Was listening to Umberto Eco on The Connection this morning, and it struck me that all this Big Blue playing chess is hardly an assault on the human intellegence by computers. It's a good start; don't get me wrong. I think the ability for men to compete with computers in the game of chess shows just how resourceful men can become in an arena where there are, ultimately, a limited number of moves for any given situation. But computers can and do rule chess, even if Kasparov can play the best to a draw, give or take. Just take a shot at any take-home computerized chess set and you'll see that, for about $40, Joe and Jan Q. quite quickly go down to the silicon.

The true [a truer?] test of a computer versus a human will be passed once a computer is able to quickly and easily translate between one langauge and another. Everything I've read of Eco (not that he's written that horribly much, as much time as he takes between his works of art) has been in translation, and Eco went to some links during the show to talk about how he "negotiates" a translation out of a translator to recreate in another language what he was trying to create the first go around on his own in Italian.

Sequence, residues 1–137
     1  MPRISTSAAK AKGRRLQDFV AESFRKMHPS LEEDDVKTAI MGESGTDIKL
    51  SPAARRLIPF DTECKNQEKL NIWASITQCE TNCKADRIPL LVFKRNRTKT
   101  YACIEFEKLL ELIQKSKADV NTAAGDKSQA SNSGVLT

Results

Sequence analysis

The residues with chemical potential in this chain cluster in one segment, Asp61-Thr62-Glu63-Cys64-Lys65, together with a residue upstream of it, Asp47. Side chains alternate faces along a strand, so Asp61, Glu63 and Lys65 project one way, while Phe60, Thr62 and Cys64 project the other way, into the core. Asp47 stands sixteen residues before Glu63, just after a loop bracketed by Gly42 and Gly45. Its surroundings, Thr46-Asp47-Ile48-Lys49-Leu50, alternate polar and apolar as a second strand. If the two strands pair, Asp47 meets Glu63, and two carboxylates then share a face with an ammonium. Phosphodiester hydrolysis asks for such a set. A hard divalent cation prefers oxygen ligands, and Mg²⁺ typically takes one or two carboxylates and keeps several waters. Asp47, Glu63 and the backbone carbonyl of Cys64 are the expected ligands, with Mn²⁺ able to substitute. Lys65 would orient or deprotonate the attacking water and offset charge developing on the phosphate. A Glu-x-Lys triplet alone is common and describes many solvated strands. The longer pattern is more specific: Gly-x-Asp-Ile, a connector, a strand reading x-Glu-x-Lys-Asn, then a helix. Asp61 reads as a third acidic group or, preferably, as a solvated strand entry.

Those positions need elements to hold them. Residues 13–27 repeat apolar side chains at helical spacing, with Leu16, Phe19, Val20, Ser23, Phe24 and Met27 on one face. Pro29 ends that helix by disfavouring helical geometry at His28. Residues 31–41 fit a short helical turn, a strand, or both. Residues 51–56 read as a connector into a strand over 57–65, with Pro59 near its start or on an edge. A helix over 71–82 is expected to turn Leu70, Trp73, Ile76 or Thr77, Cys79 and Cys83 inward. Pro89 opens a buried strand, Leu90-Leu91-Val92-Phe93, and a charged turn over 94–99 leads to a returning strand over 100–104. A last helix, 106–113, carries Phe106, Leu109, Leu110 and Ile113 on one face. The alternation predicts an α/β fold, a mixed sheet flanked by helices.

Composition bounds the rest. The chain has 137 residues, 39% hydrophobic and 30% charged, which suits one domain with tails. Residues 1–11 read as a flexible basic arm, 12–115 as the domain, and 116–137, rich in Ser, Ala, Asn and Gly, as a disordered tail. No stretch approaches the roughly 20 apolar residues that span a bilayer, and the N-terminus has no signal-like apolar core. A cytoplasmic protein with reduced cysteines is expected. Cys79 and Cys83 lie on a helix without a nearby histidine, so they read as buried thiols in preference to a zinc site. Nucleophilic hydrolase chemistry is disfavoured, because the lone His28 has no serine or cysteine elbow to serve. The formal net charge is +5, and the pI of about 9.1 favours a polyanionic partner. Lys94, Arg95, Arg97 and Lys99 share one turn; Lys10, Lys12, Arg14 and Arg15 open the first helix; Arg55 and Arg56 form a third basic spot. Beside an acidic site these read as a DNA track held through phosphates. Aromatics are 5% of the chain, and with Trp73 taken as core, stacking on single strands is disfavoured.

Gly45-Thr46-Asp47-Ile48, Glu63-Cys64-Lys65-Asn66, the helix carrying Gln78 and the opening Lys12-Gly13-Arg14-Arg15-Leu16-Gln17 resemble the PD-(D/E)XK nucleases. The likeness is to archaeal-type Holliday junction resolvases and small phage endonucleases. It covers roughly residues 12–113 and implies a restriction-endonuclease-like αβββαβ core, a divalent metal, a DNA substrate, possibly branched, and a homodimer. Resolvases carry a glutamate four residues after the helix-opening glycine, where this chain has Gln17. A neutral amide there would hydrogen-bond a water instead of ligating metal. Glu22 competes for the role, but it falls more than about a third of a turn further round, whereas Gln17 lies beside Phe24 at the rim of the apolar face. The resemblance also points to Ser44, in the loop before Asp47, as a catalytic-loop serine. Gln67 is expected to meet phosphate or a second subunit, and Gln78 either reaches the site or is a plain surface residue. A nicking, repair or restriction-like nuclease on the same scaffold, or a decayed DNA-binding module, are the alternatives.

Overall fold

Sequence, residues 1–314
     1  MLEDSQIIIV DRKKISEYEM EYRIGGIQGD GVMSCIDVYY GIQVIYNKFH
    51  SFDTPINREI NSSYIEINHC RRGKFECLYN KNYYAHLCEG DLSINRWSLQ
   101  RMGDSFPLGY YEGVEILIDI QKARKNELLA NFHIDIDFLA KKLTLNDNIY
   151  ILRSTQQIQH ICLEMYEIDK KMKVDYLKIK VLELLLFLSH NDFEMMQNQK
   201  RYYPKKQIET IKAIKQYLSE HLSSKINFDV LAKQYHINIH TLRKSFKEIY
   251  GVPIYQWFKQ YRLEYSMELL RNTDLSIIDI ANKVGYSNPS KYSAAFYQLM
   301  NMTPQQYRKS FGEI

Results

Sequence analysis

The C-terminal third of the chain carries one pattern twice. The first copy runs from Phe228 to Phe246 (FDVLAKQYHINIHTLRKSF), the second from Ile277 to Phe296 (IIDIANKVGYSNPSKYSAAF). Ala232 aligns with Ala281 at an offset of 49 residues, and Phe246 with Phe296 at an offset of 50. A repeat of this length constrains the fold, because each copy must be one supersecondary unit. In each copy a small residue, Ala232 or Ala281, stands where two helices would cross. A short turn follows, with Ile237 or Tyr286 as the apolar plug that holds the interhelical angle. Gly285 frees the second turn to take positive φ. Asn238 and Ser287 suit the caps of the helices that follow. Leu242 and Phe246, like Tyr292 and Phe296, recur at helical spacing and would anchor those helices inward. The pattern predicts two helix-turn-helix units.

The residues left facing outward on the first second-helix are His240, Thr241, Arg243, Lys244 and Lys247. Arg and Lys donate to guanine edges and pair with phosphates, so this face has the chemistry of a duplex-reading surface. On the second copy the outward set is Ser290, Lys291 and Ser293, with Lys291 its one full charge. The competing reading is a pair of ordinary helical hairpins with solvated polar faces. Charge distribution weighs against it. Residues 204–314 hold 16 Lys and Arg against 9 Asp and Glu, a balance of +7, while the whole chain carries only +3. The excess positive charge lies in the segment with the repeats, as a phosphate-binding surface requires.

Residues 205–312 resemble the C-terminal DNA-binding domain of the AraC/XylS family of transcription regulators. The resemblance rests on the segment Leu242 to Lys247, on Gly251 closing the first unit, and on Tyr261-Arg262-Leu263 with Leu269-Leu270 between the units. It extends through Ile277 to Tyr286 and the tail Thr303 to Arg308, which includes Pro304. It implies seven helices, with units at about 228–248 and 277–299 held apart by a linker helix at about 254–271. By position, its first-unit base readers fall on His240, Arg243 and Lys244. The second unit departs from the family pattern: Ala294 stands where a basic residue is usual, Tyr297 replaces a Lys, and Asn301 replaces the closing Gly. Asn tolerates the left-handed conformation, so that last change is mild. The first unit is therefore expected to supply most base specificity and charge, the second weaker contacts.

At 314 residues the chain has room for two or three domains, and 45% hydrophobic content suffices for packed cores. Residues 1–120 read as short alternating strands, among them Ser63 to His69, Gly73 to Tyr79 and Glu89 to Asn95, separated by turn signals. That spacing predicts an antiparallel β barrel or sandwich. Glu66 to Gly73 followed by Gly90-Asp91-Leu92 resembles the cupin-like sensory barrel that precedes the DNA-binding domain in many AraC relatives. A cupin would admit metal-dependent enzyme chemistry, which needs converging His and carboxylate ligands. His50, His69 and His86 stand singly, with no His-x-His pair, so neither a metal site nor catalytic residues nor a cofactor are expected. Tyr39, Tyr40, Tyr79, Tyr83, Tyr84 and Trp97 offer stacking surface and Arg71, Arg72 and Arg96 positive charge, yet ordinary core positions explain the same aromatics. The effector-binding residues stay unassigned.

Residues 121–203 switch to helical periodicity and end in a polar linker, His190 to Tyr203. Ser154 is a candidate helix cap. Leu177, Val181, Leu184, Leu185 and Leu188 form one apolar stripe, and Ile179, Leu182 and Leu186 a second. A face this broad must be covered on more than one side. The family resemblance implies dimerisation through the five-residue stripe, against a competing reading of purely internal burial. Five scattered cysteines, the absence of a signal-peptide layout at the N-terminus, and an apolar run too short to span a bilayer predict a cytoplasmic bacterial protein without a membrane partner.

Anyhow, I won't go into examples and the like. Take a listen online if you'd like more. Eco apparently ran part of the King James' Bible through babelfish, as well as the works of Shakespeare, apparently with pretty humourous results. One a computer can sit down and translate a work like Eco's flawlessly between langauges (as I can't imagine that we'll be able to set out a range of rules for this one -- the computer will have to have learned on its own), then we'll be in trouble.